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conductive

[kuh n-duhk-tiv]
adjective
  1. having the property or capability of conducting.
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Origin of conductive

1520–30; < Latin conduct(us) (see conduct) + -ive
Related formscon·duc·tive·ly, adverbnon·con·duc·tive, adjectiveun·con·duc·tive, adjective
Dictionary.com Unabridged Based on the Random House Unabridged Dictionary, © Random House, Inc. 2018

Examples from the Web for conductive

Historical Examples of conductive

  • It will be observed that I have produced one cell which was 337.5 times as conductive in hazy sunlight as in dark.

    Scientific American Supplement, No. 492, June 6, 1885

    Various

  • Most of the transmitters in use, however, depend solely upon carbon as the conductive material of the variable-resistance element.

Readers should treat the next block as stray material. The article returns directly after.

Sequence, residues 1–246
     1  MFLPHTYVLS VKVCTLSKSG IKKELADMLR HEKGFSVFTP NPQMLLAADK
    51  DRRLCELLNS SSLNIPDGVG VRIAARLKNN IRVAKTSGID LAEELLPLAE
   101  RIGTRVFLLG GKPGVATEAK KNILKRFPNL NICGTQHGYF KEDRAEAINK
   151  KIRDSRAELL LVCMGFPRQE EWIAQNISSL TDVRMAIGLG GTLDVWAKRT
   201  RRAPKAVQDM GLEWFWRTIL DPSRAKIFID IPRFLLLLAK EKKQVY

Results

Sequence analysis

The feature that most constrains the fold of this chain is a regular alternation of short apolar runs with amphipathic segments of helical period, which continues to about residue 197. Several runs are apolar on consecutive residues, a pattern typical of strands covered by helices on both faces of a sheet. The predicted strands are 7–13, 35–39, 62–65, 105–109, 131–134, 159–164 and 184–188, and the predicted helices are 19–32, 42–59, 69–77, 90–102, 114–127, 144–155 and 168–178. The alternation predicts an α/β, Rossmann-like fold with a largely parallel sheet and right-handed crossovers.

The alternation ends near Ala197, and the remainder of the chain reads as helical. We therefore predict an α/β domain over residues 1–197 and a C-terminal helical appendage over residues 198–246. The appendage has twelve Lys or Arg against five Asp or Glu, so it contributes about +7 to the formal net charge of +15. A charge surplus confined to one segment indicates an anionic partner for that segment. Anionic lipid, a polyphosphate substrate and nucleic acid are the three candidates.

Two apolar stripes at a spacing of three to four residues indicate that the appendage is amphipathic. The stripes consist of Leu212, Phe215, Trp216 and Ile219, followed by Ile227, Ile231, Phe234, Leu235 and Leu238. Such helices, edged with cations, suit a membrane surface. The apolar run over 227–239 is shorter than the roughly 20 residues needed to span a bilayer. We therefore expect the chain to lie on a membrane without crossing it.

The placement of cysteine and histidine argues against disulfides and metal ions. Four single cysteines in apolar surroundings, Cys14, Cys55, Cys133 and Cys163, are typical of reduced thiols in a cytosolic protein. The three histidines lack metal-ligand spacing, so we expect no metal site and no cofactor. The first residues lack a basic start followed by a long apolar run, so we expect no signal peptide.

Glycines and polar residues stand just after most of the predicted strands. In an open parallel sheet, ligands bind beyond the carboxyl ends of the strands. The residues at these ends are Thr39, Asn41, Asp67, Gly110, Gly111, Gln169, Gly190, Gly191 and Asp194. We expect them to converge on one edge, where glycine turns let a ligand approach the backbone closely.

• Hence the deflection produced by these metals is due to their diamagnetic, and not to their conductive capacity.

  • In the photophone the conductive wire has already been dispensed with, and a ray of light is used in its place.

    The Arena

    Various

  • That is, the neurones are laid in conductive series, the far end of one apposed to the near end of its precursor.


British Dictionary definitions for conductive

conductive

adjective
  1. of, denoting, or having the property of conduction
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Derived Formsconductively, adverb
Collins English Dictionary - Complete & Unabridged 2012 Digital Edition © William Collins Sons & Co. Ltd. 1979, 1986 © HarperCollins Publishers 1998, 2000, 2003, 2005, 2006, 2007, 2009, 2012

Word Origin and History for conductive

adj.

1520s, from conduct + -ive. Physics sense is from 1840. Related: Conductivity (1837).

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Online Etymology Dictionary, © 2010 Douglas Harper